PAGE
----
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The Sumner School is a popular venue for events as well as a museum with changing and permanent exhibits. It also serves as the repository of the DC Public School System's official archives. The school, honoring white Massachusetts abolitionist and U.S. Senator Charles Sumner, was completed in 1872 as one of three public elementary schools (Stevens and Lincoln were the others) built for black children just after the Civil War. The school also briefly housed the Preparatory School for Colored Youth (later M Street High School and Dunbar High) from 1872 until 1877.

The school housed the offices of William Syphax, the superintendent and chair of the board of trustees for the Colored Public Schools of Washington and Georgetown. Principals of the preparatory (high school) division include Richard Greener, first black graduate of Harvard University, and Mary Jane Patterson, first black woman to receive a Bachelor of Arts degree. Emma V. Brown, the city's first public school teacher, served as principal of the grammar (elementary) school division.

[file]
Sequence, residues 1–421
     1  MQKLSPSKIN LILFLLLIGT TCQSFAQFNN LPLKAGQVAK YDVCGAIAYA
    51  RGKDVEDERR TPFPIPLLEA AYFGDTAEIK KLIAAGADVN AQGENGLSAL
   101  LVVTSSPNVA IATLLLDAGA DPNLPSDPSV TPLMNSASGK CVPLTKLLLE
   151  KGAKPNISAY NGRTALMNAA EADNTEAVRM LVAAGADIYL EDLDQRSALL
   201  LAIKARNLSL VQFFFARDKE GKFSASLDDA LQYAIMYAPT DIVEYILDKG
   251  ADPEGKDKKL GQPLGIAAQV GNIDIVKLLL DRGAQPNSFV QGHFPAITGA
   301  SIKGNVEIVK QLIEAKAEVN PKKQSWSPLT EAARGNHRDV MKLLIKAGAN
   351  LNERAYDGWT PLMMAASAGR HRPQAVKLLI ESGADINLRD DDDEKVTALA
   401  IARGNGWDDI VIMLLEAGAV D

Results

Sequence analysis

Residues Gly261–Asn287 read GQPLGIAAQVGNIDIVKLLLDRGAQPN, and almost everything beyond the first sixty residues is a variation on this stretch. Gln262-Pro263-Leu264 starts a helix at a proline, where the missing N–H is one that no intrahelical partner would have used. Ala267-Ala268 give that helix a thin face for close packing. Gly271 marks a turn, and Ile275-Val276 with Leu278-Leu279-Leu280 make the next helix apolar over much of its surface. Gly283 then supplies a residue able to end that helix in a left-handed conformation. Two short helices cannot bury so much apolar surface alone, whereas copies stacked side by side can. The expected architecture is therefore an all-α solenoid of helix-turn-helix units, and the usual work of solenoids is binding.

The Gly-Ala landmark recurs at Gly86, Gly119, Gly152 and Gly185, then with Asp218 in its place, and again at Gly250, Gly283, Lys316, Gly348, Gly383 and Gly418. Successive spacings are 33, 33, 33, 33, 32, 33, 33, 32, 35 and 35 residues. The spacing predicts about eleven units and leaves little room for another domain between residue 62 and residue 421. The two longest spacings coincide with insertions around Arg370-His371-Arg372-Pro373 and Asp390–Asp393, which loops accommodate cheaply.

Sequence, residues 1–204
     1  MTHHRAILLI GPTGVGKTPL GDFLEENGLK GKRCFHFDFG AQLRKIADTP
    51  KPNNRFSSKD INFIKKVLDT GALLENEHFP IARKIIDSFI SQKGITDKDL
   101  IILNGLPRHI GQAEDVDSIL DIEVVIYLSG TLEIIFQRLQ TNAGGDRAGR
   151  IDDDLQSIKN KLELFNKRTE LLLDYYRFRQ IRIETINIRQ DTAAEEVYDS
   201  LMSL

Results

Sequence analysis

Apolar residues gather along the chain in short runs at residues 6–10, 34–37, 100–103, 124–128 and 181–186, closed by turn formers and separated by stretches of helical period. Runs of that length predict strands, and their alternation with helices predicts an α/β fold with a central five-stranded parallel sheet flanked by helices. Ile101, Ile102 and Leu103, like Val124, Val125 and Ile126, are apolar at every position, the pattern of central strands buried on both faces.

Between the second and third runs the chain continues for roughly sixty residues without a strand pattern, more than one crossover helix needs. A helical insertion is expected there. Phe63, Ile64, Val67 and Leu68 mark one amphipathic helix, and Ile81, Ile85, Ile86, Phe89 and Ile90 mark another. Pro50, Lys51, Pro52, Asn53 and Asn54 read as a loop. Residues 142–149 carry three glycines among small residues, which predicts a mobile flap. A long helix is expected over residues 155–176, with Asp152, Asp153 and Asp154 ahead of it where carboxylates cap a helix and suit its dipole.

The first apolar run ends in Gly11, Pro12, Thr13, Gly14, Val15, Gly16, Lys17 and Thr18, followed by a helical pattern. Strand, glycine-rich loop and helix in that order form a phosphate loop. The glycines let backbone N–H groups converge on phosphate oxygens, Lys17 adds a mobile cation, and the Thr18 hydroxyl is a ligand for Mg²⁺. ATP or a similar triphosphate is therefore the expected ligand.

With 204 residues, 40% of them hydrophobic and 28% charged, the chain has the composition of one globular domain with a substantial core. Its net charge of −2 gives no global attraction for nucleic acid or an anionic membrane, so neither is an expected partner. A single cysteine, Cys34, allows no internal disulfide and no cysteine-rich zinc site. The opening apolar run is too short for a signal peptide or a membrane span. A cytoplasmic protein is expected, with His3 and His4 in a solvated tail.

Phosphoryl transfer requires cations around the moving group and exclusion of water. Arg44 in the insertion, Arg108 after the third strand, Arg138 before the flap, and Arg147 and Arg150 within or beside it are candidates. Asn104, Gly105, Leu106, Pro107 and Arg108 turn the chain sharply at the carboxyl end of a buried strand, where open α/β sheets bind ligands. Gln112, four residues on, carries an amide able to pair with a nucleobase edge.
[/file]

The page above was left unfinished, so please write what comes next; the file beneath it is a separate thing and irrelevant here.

Sumner School was designed by German American architect Adolf Cluss, who was responsible for a large number of important public buildings constructed after the Civil War.

Senator Charles Sumner opposed the Kansas-Nebraska Act and the return of fugitive slaves by Union troops. He also fought successfully for the abolition of slavery in the District of Columbia, the creation of a Freedmen's Bureau, the admission of testimony from African Americans in the proceedings of the U.S. Supreme Court, pay for black soldiers equal to that of whites, and the right of African Americans to use streetcars in the District of Columbia.

Sumner School closed in 1978 due to deterioration and was slated for demolition. An organized community effort saved the building, and its restoration was completed in 1986. The building was added to the DC Inventory of Historic Sites in 1978 and the National Register of Historic Places in 1979.

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